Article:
After one of our posts went viral on Instagram, we figured it was best to expound on the thread that Sandra from Twitter, below, so thoughtfully started. Why is it, exactly, that your partner shouldn’t be your therapist?
The idea here is tempting. You can save money on therapy, allow yourself to be vulnerable and thus more open with the one you love… It all sounds good, right?
Well, the true answer to that question depends on who is asking– and who your partner is. Generally speaking, using your partner as your therapist boils down to three different considerations. And unfortunately, none of them usually end well for a couple unless you consciously work to maintain reciprocity. (Which can easily be done– you just have to be aware of it.)
Here’s what you should consider before moving away from therapy in favor of talking to your partner instead (or failing to start therapy when it could be helpful for you).
1. Therapists Can Help You Rewire Default Patterns in a Way That Partners Can’t
This first point is perhaps the most important one. Therapists can help you rewire your default patterns in a way that partners can’t. The reason why many people think their partner can be their therapist is because venting to them feels good.
This makes sense: you trust, confide in, and potentially love this person (depending on how romantically entangled you are). Thus, talking to them about your feelings is always a good thing. I encourage you to do it!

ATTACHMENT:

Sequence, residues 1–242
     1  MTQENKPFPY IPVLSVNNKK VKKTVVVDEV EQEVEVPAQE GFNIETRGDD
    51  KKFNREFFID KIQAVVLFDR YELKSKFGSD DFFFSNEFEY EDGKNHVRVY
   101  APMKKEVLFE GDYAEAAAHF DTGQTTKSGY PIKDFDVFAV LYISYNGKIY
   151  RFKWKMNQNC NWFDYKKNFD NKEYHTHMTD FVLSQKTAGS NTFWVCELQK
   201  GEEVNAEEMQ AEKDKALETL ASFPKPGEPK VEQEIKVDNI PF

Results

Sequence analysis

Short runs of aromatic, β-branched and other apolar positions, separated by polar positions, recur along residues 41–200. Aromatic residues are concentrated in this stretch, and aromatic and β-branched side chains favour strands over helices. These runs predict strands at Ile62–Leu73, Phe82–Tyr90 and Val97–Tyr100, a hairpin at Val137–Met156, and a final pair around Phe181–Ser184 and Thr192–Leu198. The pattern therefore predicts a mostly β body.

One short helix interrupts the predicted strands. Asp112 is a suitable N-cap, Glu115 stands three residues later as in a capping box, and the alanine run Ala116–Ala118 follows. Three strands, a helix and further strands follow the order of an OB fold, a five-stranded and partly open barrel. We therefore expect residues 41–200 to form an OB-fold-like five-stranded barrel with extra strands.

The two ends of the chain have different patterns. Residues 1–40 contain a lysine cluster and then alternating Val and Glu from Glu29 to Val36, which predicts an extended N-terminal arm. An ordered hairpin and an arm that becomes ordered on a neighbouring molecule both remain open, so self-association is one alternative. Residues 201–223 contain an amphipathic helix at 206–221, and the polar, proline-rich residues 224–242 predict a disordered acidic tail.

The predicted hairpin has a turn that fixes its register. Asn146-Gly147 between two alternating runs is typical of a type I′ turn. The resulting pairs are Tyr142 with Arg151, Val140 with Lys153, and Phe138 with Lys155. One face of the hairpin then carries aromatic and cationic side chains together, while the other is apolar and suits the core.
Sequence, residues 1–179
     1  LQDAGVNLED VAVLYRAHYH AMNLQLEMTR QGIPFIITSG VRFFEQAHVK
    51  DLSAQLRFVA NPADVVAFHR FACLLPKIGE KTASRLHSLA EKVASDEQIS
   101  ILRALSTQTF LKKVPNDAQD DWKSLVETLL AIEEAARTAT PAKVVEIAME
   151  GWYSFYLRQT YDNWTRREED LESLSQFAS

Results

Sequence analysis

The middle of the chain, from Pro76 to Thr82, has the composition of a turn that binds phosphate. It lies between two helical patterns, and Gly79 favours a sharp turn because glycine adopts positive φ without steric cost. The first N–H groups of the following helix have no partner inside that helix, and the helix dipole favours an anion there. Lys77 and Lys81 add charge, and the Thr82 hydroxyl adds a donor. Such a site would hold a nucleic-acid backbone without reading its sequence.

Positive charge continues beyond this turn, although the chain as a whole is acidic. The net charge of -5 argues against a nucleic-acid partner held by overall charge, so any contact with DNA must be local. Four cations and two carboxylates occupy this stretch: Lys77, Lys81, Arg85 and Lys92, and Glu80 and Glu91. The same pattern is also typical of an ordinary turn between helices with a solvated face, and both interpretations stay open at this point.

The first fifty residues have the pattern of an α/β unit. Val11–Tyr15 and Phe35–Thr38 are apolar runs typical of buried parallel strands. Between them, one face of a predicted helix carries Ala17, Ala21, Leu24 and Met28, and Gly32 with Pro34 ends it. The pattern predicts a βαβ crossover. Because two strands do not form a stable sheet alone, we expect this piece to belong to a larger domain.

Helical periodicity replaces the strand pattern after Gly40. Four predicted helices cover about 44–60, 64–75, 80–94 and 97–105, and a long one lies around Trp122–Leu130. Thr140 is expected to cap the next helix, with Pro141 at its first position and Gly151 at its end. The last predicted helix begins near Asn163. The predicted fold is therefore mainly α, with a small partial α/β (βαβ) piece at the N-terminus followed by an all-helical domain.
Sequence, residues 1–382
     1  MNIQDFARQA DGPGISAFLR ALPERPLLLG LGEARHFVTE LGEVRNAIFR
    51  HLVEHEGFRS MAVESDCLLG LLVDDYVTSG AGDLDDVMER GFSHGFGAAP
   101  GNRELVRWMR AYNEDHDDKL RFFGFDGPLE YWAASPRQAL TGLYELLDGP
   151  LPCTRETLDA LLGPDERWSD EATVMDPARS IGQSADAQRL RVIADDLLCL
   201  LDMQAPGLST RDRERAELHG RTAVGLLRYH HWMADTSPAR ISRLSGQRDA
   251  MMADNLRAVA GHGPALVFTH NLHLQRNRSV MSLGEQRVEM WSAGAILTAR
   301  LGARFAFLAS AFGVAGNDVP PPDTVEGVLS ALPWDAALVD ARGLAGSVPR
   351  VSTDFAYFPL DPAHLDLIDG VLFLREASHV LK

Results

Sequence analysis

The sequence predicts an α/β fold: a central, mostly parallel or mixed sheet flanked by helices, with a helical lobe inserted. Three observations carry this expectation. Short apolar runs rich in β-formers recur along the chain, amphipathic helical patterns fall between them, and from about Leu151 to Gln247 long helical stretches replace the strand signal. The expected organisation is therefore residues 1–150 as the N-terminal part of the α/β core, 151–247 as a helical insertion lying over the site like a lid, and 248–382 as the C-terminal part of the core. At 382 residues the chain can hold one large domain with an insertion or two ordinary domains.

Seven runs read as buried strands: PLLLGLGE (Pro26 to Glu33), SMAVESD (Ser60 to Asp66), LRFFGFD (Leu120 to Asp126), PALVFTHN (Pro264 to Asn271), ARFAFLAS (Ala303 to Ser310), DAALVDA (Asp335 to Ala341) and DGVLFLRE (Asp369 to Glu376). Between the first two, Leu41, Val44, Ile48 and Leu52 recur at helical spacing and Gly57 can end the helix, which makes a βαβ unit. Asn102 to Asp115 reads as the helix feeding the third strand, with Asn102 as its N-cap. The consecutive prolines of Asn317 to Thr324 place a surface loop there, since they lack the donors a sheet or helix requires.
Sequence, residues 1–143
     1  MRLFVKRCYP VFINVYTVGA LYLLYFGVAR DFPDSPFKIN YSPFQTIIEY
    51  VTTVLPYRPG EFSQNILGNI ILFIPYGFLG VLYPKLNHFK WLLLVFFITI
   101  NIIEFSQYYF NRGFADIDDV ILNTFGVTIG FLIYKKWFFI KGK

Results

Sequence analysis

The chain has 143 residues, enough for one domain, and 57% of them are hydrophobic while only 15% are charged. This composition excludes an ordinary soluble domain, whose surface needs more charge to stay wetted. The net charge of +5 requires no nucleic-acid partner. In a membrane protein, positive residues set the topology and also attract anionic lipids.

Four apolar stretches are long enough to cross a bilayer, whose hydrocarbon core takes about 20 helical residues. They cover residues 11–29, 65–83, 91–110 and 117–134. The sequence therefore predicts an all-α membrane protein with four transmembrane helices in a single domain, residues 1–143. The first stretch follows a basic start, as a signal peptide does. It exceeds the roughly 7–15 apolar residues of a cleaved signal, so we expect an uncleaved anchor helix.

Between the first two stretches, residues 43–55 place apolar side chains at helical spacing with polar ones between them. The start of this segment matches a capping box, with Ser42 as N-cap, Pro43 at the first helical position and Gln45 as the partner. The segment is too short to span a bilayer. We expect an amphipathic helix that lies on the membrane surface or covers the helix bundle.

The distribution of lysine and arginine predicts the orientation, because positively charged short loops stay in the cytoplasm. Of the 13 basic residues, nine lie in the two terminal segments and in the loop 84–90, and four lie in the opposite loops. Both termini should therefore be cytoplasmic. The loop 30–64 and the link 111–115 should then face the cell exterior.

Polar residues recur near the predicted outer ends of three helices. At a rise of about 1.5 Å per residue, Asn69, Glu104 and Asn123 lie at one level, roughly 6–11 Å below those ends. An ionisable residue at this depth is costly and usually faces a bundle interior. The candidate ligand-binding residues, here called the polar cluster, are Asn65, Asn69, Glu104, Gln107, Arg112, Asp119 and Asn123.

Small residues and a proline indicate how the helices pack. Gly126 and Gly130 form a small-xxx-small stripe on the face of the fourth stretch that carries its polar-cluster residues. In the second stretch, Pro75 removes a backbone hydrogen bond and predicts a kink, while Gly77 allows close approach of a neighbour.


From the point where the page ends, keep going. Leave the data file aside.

However, don’t get it twisted: talking to your partner is helpful for mental health, but it is not the same as therapy.
As we wrote in our Comprehensive Guide to Anxiety Relief and our piece on What To Do If You Can’t Afford Therapy, it’s important to embrace the people around you and let them help you figure out your own feelings.
However, therapy costs money for a reason. Therapists work hard to analyze your patterns. They actively help you figure out what coping strategies will keep you feeling your best. As casual and effortless as the conversation may seem at the time, your therapist is consciously, objectively assessing your wellbeing. They are working to guide you to a form of self-actualization that will help free you from concern.
By contrast, for many everyday stressors, you can use your partner to help yourself. Sometimes it’s just helpful to have someone listen or get a second opinion on whatever is bothering you.